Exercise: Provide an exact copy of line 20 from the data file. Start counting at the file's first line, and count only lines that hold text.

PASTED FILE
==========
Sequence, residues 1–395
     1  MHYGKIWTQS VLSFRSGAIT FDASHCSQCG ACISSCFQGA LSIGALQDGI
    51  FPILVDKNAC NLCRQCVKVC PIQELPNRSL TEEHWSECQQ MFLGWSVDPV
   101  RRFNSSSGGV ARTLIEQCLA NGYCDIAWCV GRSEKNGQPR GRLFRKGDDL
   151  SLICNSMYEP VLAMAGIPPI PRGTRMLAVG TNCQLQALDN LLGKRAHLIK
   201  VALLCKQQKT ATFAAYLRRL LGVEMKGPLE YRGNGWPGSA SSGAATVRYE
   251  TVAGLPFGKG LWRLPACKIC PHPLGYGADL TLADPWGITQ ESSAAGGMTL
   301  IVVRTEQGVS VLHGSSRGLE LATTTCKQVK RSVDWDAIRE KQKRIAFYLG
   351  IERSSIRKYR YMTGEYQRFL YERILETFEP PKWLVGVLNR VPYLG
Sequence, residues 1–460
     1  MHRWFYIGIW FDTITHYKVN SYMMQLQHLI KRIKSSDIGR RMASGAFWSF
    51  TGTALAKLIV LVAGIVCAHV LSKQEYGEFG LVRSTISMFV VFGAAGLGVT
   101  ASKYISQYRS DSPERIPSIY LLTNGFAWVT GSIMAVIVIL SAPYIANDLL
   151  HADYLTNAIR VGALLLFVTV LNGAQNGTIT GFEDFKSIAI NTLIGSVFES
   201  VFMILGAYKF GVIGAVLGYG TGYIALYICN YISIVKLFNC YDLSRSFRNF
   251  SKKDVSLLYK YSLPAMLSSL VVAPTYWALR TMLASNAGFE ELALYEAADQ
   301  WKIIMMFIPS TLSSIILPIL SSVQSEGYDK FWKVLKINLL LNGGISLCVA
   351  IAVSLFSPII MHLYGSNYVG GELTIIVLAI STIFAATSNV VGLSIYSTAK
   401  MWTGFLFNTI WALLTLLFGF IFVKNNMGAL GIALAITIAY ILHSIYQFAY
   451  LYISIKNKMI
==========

   451  LYISIKNKMI